Alzheimer disease

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Description from OMIM

Alzheimer disease is the most common form of progressive dementia in the elderly. It is a neurodegenerative disorder characterized by the neuropathologic findings of intracellular neurofibrillary tangles (NFT) and extracellular amyloid plaques that accumulate in vulnerable brain regions (Sennvik et al., 2000). Terry and Davies (1980) pointed out that the 'presenile' form, with onset before age 65, is identical to the most common form of late-onset or 'senile' dementia, and suggested the term 'senile dementia of the Alzheimer type' (SDAT). Haines (1991) reviewed the genetics of AD. Selkoe (1996) reviewed the pathophysiology, chromosomal loci, and pathogenetic mechanisms of Alzheimer disease. Theuns and Van Broeckhoven (2000) reviewed the transcriptional regulation of the genes involved in Alzheimer disease. Genetic Heterogeneity of Alzheimer Disease Alzheimer disease is a genetically heterogeneous disorder. See also AD2 (104310), associated with the APOE*4 allele (107741) on chromosome 19; AD3 (607822), caused by mutation in the presenilin-1 gene (PSEN1; 104311) on 14q; and AD4 (606889), caused by mutation in the PSEN2 gene (600759) on 1q31. There is evidence for additional AD loci on other chromosomes; see AD5 (602096) on 12p11, AD6 (605526) on 10q24, AD7 (606187) on 10p13, AD8 (607116) on 20p, AD9 (608907), associated with variation in the ABCA7 gene (605414) on 19p13, AD10 (609636) on 7q36, AD11 (609790) on 9q22, AD12 (611073) on 8p12-q22, AD13 (611152) on 1q21, AD14 (611154) on 1q25, AD15 (611155) on 3q22-q24, AD16 (300756) on Xq21.3, AD17 (615080) on 6p21.2, and AD18 (615590), associated with variation in the ADAM10 gene (602192) on 15q21. Evidence also suggests that mitochondrial DNA polymorphisms may be risk factors in Alzheimer disease (502500). Finally, there have been associations between AD and various polymorphisms in other genes, including alpha-2-macroglobulin (A2M; {103950.0005), low density lipoprotein-related protein-1 (LRP1; 107770), the transferrin gene (TF; 190000), the hemochromatosis gene (HFE; 613609), the NOS3 gene (163729), the vascular endothelial growth factor gene (VEGF; 192240), the ABCA2 gene (600047), and the TNF gene (191160) (see MOLECULAR GENETICS).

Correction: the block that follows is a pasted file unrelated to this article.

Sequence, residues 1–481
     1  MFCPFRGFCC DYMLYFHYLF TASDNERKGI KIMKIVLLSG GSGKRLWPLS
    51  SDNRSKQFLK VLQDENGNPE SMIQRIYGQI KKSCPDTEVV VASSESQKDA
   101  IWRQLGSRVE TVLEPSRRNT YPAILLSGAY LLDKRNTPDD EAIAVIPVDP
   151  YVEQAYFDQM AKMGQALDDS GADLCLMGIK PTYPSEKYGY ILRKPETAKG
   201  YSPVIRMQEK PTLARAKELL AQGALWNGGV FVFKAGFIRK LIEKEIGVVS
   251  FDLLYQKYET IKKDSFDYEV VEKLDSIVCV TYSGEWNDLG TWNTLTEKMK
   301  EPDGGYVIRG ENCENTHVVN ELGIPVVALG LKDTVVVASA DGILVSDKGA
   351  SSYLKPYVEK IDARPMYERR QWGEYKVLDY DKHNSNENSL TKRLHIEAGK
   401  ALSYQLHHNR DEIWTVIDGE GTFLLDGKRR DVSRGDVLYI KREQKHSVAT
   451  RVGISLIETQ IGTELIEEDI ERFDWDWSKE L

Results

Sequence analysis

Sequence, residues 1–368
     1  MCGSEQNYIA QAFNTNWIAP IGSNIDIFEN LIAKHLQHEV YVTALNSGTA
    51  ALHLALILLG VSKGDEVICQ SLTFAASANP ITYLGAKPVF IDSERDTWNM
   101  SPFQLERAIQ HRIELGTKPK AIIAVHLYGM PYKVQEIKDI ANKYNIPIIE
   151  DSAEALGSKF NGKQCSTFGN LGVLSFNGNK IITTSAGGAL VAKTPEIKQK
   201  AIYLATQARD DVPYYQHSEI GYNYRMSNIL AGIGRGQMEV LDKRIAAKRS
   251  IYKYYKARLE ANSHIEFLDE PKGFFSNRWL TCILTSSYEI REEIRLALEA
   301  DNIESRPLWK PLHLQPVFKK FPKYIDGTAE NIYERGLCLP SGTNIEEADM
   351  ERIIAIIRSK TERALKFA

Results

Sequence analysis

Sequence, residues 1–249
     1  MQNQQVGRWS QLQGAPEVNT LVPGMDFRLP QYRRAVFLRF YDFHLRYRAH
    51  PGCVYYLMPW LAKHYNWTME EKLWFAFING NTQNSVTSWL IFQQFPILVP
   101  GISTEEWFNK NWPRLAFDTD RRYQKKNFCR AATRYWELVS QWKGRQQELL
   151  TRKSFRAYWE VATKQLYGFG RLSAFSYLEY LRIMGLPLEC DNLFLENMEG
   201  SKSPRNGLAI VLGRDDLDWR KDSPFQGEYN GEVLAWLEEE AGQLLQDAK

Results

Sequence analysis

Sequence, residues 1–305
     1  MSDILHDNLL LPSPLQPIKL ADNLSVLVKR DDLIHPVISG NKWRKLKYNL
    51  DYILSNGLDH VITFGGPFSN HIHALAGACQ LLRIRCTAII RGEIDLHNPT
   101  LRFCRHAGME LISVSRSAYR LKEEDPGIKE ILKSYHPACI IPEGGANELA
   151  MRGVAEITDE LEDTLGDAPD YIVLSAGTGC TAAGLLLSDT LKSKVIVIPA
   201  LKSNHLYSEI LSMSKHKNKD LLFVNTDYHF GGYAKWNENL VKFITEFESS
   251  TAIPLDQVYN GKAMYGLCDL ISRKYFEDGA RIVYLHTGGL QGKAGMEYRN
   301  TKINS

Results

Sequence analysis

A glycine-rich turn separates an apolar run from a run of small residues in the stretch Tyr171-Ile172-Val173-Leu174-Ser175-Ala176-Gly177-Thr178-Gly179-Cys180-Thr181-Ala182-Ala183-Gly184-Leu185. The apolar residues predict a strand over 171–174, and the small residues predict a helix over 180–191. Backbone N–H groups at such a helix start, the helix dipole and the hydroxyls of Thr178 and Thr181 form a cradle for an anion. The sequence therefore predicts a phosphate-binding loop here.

Prevalence of clinical parameters (%)

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List of symptoms

Symptom/sign Organ system Percent affected Pubmed id Added on(yyyy-mm-dd) Edit/add reference
Dementia nervous 100 % 15534185 2013-08-22
Cerebral atrophy nervous 100 % 23303849 2016-12-22
Myoclonus nervous 61 % 15534185 2013-08-22
Limb dyspraxia nervous 44 % 15534185 2013-08-22
Anosmia nervous 23 % 16170073 2013-11-04
Hyperactive reflexes nervous 22 % 15534185 2013-08-22
Late visual disorientation nervous 17 % 15534185 2013-08-22
Seizures nervous 17 % 15534185 2013-08-22
Gait disturbances nervous 17 % 15534185 2013-08-22

List of references:

The natural history of Alzheimer disease: a longitudinal presymptomatic and symptomatic study of a familial cohort.
Alison K Godbolt, Lisa Cipolotti, Hilary Watt, Nick C Fox, John C Janssen, Martin N Rossor,

Knowledge of the evolution of cognitive deficits in Alzheimer disease is important for our understanding of disease progression. Previous reports, however, have either lacked detail or have not covered the presymptomatic stages.

Archives of neurology - Nov 2004

Cerebral atrophy in mild cognitive impairment and Alzheimer disease: rates and acceleration.
Kelvin K Leung, Jonathan W Bartlett, Josephine Barnes, Emily N Manning, Sebastien Ourselin, Nick C Fox, ,

To quantify the regional and global cerebral atrophy rates and assess acceleration rates in healthy controls, subjects with mild cognitive impairment (MCI), and subjects with mild Alzheimer disease (AD).

Neurology - Feb 2013

Anosmia is very common in the Lewy body variant of Alzheimer's disease.
J M Olichney, C Murphy, C R Hofstetter, K Foster, L A Hansen, L J Thal, R Katzman,

Olfactory abnormalities are reported in Alzheimer's disease and Parkinson's disease. Anosmia appears to be common in dementia with Lewy bodies but not in pure Alzheimer's disease.

Journal of neurology, neurosurgery, and psychiatry - Oct 2005